Five Questions for Mathieu Demy, Star and Director of Americano
The son of French filmmakers Agnés Varda and Jacques Demy (director of The Umbrellas of Cherbourg), Matthieu Demy pays homage to his parents legacy with his directorial debut Americano. The film tells the story of a Frenchman who returns to his childhood home in Los Angeles when he learns of his mother’s death. “Artistically and personally, I wanted to approach filmmaking within the context of my own parents and their careers,” says the 39 year-old director. He rounds out the cast with like-minded children of famous celebrities—Geraldine Chaplin (daughter of Charlie Chaplin) and Chiara Mastroianni (daughter of Catherine Deneuve). He also nabbed Salma Hayek, who embodied a type of “foreignness” that was integral to Demy’s vision. On how he managed to convince Hayek: “She just happens to be married to a French guy [Francois-Henri Pinault] and lives partly in Paris, so it was easier for me to pass her the script.”
Salma Hayek in Americano
Not to spoil anything for the audience—but Salma Hayek plays a stripper in a Tijuana brothel. What was it like shooting her steamy pole-dancing scene?
It was pretty tricky, because I had it in my mind to do it all in one take. She had sprained her ankles a couple weeks before the shoot, so she could hardly stand up and couldn’t do the conventional pole tricks. I thought, “shit!” this is the end of my movie, but she was really courageous and a real trooper. We still found a way to make the scene sensual and special; it was kind of a magic moment.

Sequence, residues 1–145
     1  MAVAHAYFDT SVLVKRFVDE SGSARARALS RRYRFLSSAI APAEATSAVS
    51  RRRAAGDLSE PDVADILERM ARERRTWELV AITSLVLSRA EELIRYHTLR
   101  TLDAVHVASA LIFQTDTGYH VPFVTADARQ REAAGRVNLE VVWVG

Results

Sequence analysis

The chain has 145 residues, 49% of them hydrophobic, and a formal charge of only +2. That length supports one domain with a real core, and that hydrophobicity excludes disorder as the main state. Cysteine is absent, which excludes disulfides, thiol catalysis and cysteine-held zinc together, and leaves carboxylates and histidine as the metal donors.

Did you write the character with her in mind?
Yeah, I actually wrote it for her. I didn’t know her personally, but I was looking for a Mexican woman my age, who is really hot. At some point, I knew it was Salma Hayek.
Directing versus acting: do you tap into different parts of your brain?
I guess so. Acting is on an instinctive level, while directing is more intellectual. It’s also an issue of responsibility. When you act, you’re protected by a character and a script. So acting is more like a kid—it’s playful. As a director, you’re much more exposed; it’s about growing up and being an adult.
Totally off topic, but you sort of have this Clive Owen thing about you. Do you hear that a lot?
No, but I’m really flattered by it. I’m going to post on my Facebook wall, “I’m the French Clive Owen – so beware.”
Myth or Fact: Are French men serial seducers?
You’ve got to come to Paris.
Americano opens in theaters June 15.
Photo: courtesy of MPI Pictures/Les Film de l’Autre